Young and ambitious, time for a quarter life crisis then?

A quarter life crisis happens shortly after a young person – usually an educated professional – enters the “real world”.

I don’t know about anybody else, but the “quarterlife crisis” is as real as anything for me. I’m 29, with two degrees, £20,000 of debt, and two part-time jobs to pay it off. Neither earns me enough to live on, let alone pay off my debts, because I’m studying for a still further degree, even though experience teaches that qualifications rarely lead to good jobs. Was it all a lie we were told? Why don’t good graduates move on to the kinds of jobs that society told us would be ours? Why isn’t education the royal road to riches and why have I spent the best years of my life being frustrated in a lecture theatre? Simon Gillett, Edinburgh

“After entering adult life and coming to terms with its responsibilities, some individuals find themselves experiencing career stagnation or extreme insecurity. The individual often realizes the real world is tougher, more competitive and less forgiving than they imagined. Furthermore, the qualifications they have spent so much time and money earning are not likely to prepare them for this disillusionment.

A related problem is simply that many graduates do not achieve a desirable standard of living after graduation. They often end up living in low-income flats with roommates instead of having an income high enough to support themselves. Substandard living conditions, combined with menial or repetitive work at their jobs create a great amount of frustration, anxiety and anger. Nobody wants to admit to feeling like a ‘loser’; this secrecy may intensify the problem.”

Read more from: BBC / Times Online / The Guardian

The symptoms of quarter-life crisis may include:

  • feeling “not good enough” because one can’t find a job that is at one’s academic/intellectual level
  • frustration with relationships, the working world, and finding a suitable job or career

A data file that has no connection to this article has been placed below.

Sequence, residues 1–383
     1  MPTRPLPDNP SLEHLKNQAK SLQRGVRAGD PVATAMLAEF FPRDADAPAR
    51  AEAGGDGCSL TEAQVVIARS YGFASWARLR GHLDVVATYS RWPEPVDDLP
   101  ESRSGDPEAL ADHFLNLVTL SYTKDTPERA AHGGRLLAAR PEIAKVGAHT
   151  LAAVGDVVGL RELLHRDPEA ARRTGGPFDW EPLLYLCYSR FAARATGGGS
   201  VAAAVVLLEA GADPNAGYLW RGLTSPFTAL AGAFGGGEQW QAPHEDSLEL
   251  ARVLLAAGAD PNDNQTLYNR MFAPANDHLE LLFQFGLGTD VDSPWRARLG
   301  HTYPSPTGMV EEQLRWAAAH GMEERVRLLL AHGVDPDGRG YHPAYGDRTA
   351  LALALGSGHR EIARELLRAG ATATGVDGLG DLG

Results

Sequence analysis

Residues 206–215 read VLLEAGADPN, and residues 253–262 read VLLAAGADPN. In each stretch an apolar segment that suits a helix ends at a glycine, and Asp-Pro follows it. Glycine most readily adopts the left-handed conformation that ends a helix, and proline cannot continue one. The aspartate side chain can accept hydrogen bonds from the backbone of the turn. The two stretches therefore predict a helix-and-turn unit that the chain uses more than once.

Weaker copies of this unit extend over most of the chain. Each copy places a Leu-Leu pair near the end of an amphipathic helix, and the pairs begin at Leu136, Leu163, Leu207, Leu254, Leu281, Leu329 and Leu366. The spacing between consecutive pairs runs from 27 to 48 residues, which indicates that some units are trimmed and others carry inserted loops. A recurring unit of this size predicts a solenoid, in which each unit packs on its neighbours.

• confusion of identity
  • insecurity regarding the near future
  • insecurity concerning long-term plans, life goals
  • insecurity regarding present accomplishments
  • re-evaluation of close interpersonal relationships
  • disappointment with one’s job
  • nostalgia for university, college or high school
  • tendency to hold stronger opinions
  • boredom with social interactions
  • loss of closeness to high school and college friends
  • financially-rooted stress (overwhelming college loans, unanticipatedly high cost of living, etc.)
  • loneliness
  • desire to have children
  • a sense that everyone is, somehow, doing better than you

Is this you? It is certainly some people in my life that I really care about. There doesn’t seem to be any advice in the research I have found. How can Mindapples help?

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6 thoughts on “Young and ambitious, time for a quarter life crisis then?

  1. I have just found this blog, and just read this article, but this is me in a nutshell. I have been using the phrase ‘quarter-life crisis’ for a few months now to describe my current state to my close friend and counsellor. I’m 24, have a well-paid job after a first-class degree, and am not financially struggling; but I still feel lonely, apathetic and am constantly questioning “Is this what I want?” I don’t think I’ve ever once given pause to think what I want to acheive in life, and now when I do, I’m so overwhelmed by it all, I feel I can’t cope, and I shut down.

    If any more articles, or research, is pubilshed regarding this ‘quarter-life crisis’ syndrome, please let me know. I have ticked all the boxes of what I should have acheived after graduation, and then some, but it all seems useless if I’m not actually enjoying any of it.